From America, the frontier thesis was taken by comparative historians to other areas where similar developments had occurred, such as South Africa, and their similarities and differences were explored. [3] Both the cases cited above can be seen as the result of European expansion in the wake of the commercial and industrial growth of its nations. The frontier became the outlet for the overpopulation of Western Europe, and a sanctuary for those persecuted in their home countries for religious reasons (the Quakers, the Shakers, and the Mennonites, for instance). In the frontier thesis, the religious and cultural background of the emigrants are always supposed to be Christian. It seems that Turner never bothered to look at what the Jews, the Mexicans, the Chinese, or the Indians (from India, not the Amerindians) or even the French might have contributed to the new American culture. [4] Stripped down to its essentials and freed of  its ethnocentric prejudices, the “frontier thesis” may be reduced to the hypothesis that when groups of people from more developed, industrialized,  urbanized, and overpopulated countries of a so called “old world”, emigrate to less developed, sparsely inhabited, and unexploited lands of a “new world”, a “frontier society” will take shape with some (or all) of the above-mentioned characteristics. For the large groups of Chinese immigrants who moved from the “old world” of China abroad, Borneo with its gold-fields must have appeared as a “new world” offering unlimited opportunities. With that in mind, it is useful to try to apply the “frontier thesis” to this case.

     Can West Borneo be termed a Chinese frontier? We should perhaps first answer the question of how Chinese culture has treated the problem of “ frontiers” in its history. Traditionally the Chinese “tianxia” (generally translated as “empire” but in fact meaning “all under Heaven”) had no clear borders. Wherever Chinese settled outside the Eighteen Provinces of “China proper”, they avowedly tried to create “little Chinas”, and some of them, like Luo Fangbo, apparently wished to make Borneo part of the Chinese empire proper. How far this was a genuine ambition remains to be seen. Certainly there is no evidence that the Borneo Chinese ever petitioned the imperial throne to extend its influence over their mining districts. Yet, those among the leaders of the different zongting who rose to wealth and power very often bought “a mandarin’s button”, and even in the sweltering heat of tropical Borneo enjoyed putting on their official robes whenever the occasion seemed to call for it, for instance, when Tobias visited Mandor and Montrado.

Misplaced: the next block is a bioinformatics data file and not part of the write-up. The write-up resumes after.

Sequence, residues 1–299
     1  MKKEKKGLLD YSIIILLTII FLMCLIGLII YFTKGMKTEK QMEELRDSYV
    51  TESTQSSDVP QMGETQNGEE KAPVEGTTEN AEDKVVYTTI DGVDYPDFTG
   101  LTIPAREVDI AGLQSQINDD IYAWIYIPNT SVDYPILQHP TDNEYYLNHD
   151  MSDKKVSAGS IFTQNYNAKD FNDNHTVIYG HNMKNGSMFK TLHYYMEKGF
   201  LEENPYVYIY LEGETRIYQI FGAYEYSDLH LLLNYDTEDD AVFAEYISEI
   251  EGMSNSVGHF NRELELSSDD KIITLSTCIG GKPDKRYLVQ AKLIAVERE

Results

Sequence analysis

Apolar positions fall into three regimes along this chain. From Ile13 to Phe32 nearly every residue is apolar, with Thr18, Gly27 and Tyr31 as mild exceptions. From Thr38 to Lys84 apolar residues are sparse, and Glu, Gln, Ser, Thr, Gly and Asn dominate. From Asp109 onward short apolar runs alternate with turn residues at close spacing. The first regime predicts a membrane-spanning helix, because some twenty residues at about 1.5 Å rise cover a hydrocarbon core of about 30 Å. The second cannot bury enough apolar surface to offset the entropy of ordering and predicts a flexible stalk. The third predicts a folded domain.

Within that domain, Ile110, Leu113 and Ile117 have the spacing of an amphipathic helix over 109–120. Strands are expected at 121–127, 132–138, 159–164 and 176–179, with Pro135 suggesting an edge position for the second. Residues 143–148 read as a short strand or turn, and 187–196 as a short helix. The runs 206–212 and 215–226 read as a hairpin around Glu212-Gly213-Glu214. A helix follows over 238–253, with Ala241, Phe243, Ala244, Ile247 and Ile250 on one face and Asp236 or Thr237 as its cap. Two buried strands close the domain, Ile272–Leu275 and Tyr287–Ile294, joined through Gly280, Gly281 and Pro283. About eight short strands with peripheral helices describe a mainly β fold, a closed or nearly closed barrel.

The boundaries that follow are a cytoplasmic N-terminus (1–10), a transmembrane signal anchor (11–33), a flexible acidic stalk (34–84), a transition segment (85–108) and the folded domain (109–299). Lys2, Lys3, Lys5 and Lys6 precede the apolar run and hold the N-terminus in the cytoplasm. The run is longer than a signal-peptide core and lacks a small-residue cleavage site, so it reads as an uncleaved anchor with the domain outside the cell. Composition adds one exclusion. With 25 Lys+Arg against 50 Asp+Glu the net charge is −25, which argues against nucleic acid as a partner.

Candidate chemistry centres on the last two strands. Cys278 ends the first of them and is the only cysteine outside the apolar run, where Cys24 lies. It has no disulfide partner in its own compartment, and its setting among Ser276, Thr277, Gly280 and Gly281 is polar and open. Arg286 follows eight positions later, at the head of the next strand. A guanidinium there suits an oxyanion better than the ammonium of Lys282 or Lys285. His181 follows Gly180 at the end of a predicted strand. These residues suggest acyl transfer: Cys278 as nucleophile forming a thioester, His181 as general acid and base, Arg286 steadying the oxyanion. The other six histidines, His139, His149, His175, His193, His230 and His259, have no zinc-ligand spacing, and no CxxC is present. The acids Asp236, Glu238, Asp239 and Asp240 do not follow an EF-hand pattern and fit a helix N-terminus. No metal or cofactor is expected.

More fundamentally, however, the political worldview of the Chinese empire must be termed expansionist, and this again can be said to be linked to some very ancient characteristics of Chinese culture. To quote the Book of Songs (Shijing 詩經): “Under the vault of heaven, there is no [place] that is not the king’s land; on the shores that can be reached, there is no one who is not the king’s subject” (普天之下莫非王土﹐率土之濱莫非王臣). [5] This may seem rather far-fetched, yet we have to note that major dynasties, as soon as the central key regions of China were under control, pursued expansionist politics. These actions were often prepared by the settlement of Chinese colonies in regions that the Chinese emperor wished to control. Colonist settlement implied the building of temples linked to national fenxiang networks or lineage systems. In this way, the emigrants maintained multiple links to the central home region. 

     In the past, the expansionist policies had often meant moving the Chinese frontier further outward. Places outside the Chinese empire such as Taiwan, to which Chinese pioneers had emigrated earlier, had over time become incorporated within the Chinese

empire. But ever since Chinese emigration to the Nanyang had begun (perhaps as early as the ninth century) and in spite of close relationships such as that between the “king of Borneo” and the Yongle Emperor (see introduction), no new overseas territories were acquired by the imperial state. Although early Chinese settlements – really commercial posts within the wider framework of the intra-Asian trading networks – may have thought of themselves as outposts of the Chinese empire, they in fact had to adapt to their foreign surroundings, and by so doing changed considerably the original social structures they had brought with them. The case of the Chinese mining communities in West Borneo is a very good illustration of this process.